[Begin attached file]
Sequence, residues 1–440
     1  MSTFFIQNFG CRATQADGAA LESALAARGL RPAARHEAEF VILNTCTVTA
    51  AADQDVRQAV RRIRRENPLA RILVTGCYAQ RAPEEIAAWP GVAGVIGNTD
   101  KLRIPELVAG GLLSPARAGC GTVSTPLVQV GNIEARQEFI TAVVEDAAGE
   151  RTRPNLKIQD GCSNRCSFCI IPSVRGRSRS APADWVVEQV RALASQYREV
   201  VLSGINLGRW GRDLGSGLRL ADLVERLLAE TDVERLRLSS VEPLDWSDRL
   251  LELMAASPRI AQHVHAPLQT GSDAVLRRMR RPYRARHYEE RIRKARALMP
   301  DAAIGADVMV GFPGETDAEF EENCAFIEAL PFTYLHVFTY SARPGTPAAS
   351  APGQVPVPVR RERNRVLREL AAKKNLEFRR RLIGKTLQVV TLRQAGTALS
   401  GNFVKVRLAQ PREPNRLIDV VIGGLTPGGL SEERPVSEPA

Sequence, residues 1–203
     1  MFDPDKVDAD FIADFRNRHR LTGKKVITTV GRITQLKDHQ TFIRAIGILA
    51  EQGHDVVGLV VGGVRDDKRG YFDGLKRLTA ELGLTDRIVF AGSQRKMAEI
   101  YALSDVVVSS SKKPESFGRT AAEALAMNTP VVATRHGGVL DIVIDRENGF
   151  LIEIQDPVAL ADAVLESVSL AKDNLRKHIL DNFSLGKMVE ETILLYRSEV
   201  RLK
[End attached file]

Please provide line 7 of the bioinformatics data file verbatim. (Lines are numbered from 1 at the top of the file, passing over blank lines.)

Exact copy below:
   251  LELMAASPRI AQHVHAPLQT GSDAVLRRMR RPYRARHYEE RIRKARALMP